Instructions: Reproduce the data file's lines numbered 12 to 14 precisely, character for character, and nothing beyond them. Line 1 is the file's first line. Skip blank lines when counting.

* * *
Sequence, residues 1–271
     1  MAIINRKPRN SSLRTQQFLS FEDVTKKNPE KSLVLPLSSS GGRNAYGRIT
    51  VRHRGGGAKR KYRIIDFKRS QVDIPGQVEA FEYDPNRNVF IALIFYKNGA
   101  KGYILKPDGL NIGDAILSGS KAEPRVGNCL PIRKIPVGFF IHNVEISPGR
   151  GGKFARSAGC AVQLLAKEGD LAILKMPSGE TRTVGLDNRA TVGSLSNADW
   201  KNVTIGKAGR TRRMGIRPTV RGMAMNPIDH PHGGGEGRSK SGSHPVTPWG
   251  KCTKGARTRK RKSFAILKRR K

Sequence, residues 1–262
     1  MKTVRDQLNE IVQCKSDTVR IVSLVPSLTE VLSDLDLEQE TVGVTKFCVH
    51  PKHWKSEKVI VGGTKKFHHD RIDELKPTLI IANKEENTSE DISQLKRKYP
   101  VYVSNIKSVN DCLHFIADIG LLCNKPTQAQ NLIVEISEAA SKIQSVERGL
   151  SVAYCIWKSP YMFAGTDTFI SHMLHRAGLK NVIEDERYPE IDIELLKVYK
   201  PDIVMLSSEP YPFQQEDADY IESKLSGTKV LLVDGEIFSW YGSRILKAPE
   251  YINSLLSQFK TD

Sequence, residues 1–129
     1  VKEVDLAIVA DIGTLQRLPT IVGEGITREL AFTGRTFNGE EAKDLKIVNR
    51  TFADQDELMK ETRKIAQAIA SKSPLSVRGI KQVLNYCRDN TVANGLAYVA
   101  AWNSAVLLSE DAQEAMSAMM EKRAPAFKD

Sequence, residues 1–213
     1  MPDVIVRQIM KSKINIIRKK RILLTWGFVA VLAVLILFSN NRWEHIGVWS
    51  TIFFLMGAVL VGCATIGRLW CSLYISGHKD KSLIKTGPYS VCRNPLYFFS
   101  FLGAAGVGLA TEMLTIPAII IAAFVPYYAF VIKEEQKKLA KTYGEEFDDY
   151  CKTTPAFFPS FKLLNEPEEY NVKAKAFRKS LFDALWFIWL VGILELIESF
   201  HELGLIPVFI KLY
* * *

   151  SVAYCIWKSP YMFAGTDTFI SHMLHRAGLK NVIEDERYPE IDIELLKVYK
   201  PDIVMLSSEP YPFQQEDADY IESKLSGTKV LLVDGEIFSW YGSRILKAPE
   251  YINSLLSQFK TD